Preparation for museum closure: Assets and Collections
Assets are everything the governing body owns. Examples are money, equipment, heritable property such as land and buildings and the rights attached to them, and items held in the museum collection.
If the governing body is insolvent, or approaching that situation, an Insolvency Practitioner (IP) will need to be involved. An IP can help with rescue packages if brought in early enough or will take over the liquidation of assets if winding up is necessary.
If it appears that the museum’s liabilities are greater than its assets, or the cashflow/forecasts suggest that the museum will struggle to meet its debts, then the museum may be insolvent. The best person to speak to in this situation is an Insolvency Practitioner (IP) who will be able to provide advice and options on how best to deal with museum’s financial position. An IP is licensed and authorised to act in relation to an insolvent individual, partnership, or company. An IP must follow the law and their work is monitored by regulators to make sure that they do. An IP will also be able to advise governing body members and trustees on how it may impact them on a personal level, their obligations, and what action they may need to take. An IP should provide initial advice free of charge and if an IP led process is required then an appropriate fee basis is agreed beforehand. The earlier advice is sought, then the more options will be available, and there is a greater chance that measures can be taken to turnaround or rescue the museum.
You can contact the following IPs below for no-obligation initial advice:
- Duncan Raggett – Anderson Anderson & Brown LLP – firstname.lastname@example.org (Aberdeen & central belt)
- Shona Campbell – MHA Henderson Loggie – email@example.com (Dundee but have offices across Scotland)
- Richard Bathgate – Johnston Carmichael – Richard.Bathgate@jcca.co.uk (Across Scotland)
- Richard Gardiner – Thomson Cooper – firstname.lastname@example.org (Offices in Fife & Edinburgh and covers all of Scotland)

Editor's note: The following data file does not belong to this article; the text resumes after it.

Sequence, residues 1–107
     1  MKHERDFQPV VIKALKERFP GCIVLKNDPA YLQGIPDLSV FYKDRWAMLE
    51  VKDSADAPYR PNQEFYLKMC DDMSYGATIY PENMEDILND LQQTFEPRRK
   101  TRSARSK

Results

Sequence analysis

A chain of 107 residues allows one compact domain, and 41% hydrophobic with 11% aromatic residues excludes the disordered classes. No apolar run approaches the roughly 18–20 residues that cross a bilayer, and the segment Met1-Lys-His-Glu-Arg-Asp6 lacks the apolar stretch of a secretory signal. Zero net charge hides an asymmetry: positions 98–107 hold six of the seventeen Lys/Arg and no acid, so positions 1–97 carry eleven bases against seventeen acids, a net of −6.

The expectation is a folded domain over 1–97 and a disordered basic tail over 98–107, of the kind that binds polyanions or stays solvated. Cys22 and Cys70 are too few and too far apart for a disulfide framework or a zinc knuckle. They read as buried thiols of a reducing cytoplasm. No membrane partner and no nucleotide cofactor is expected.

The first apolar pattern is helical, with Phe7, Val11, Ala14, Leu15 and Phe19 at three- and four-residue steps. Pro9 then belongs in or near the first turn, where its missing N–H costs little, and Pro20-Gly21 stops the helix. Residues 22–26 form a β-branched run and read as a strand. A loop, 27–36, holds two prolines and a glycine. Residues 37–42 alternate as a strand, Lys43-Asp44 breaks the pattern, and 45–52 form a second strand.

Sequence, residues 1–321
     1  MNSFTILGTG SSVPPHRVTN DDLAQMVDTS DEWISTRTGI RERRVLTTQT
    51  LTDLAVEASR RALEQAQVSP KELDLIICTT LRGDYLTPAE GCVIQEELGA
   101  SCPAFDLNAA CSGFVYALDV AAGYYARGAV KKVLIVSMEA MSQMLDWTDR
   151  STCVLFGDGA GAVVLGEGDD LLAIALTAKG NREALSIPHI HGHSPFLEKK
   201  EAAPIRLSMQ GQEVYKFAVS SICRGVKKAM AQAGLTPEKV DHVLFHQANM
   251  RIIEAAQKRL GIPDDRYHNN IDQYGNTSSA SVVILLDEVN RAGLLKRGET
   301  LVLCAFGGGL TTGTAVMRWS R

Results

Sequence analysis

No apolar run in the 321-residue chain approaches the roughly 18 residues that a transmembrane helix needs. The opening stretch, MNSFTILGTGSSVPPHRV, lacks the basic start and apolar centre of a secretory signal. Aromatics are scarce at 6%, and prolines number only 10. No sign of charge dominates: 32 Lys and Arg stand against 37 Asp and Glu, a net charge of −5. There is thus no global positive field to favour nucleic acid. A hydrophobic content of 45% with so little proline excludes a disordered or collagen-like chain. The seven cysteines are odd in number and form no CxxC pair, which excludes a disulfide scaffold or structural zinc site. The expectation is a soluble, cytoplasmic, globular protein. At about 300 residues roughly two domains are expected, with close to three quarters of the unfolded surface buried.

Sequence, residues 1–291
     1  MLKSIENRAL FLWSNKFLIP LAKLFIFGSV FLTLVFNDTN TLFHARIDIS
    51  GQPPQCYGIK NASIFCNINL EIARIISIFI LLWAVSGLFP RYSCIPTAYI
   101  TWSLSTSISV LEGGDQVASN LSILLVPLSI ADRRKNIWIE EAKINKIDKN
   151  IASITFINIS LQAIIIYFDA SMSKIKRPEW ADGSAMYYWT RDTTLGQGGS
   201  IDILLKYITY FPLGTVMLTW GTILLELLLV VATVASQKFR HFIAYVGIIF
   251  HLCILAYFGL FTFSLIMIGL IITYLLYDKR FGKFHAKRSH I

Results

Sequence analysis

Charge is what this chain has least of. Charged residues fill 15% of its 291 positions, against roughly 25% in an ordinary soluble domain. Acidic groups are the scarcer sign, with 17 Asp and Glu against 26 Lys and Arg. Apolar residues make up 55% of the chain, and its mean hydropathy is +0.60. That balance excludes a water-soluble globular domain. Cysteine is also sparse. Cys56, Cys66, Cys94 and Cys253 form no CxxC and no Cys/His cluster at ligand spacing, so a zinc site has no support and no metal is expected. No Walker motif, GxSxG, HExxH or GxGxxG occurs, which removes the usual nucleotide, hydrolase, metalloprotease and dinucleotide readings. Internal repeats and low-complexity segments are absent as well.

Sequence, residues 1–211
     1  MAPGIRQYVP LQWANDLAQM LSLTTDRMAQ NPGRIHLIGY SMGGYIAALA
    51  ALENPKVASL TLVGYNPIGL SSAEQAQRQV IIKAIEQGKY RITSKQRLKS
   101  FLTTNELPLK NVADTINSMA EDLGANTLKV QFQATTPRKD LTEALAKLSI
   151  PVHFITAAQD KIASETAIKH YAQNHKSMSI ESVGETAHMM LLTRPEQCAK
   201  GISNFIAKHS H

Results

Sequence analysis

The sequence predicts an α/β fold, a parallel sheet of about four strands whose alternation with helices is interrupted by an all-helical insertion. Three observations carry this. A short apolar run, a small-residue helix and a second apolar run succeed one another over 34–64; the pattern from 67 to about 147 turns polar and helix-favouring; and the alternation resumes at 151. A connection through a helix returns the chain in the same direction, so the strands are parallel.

If a museum ceases to exist, then its collection must be cared for or dispersed accordingly. Preparation is key to handling this scenario.
In order to handle the collection in its entirety it’s important to know what the museum has in its care, so clear collections documentation is crucial to the process. Time and resources to undertake a Spectrum compliant inventory are essential if this has not already been done. This procedure will allow you to know what objects you have, its current location, who has legal ownership, and help you to advertise any object disposals.
Legal ownership of the objects needs to be established and understood to allow disposal of any collection items. Questions to ask are:
- Does the governing body own all the items?
- Are any artefacts on loan from other institutions or individuals?
- Is the ownership uncertain?
Depending on the answer then different processes will need to be followed. There is information about how to do this successfully in our advice section Introduction to Disposal and on The Collection’s Trust website.
The people who will undertake the documentation work, monitor the collection, and manage transfers need to be factored into the closing process. If the museum is volunteer run, then volunteer’s goodwill to support the whole process will be essential. If the process will be handled by paid staff then their contracts need to remain in place for a sufficient period.
Items legally owned by the governing body are assets that can legally be disposed of, but there are ethical considerations. Depending on the funding of the acquisition or stipulations that were agreed with the donor, these items may need to be returned rather than passed on to another public body. Your governing document should contain a statement that allows the collection to be transferred to another charitable body with similar objectives. Don’t assume that any other organisation will be able to take on your collection without first talking to them about it.
Independent museum collections are potentially at risk if they are also a company which goes into administration. Unless the collection is held in a special charitable trust, and as such is unavailable for distribution upon insolvency, then collections are treated as financial assets and can be sold off to meet the museum’s debts.
Moving an item from the museum’s care to somewhere else will take time and resources. The items will need to be packed correctly, stored, and physically moved. Consideration of who is going to undertake these tasks and how they will be funded needs to be factored into any winding up process.
All loans from individuals and other organisations will need to be returned to their legal owners.
Your loan agreement records should provide you with all the details to help with this. Contact the lender to explain the situation and ensure that this is done with enough notice to allow for the physical return and be aware of any costs that will need to be covered such as transportation. Information about loan in procedure is available on The Collections Trust website.
Objects currently not in your physical care but legally owned by the museum will need to be factored into the whole collection disposal as they’re still your responsibility. It may be that the organisation that currently has them on loan is an appropriate place for them permanently, but this shouldn’t be assumed.
When the legal ownership is unclear there are additional legal and ethical issues to consider. Further information about how to deal with objects with unclear ownership is available from The Collections Trust website.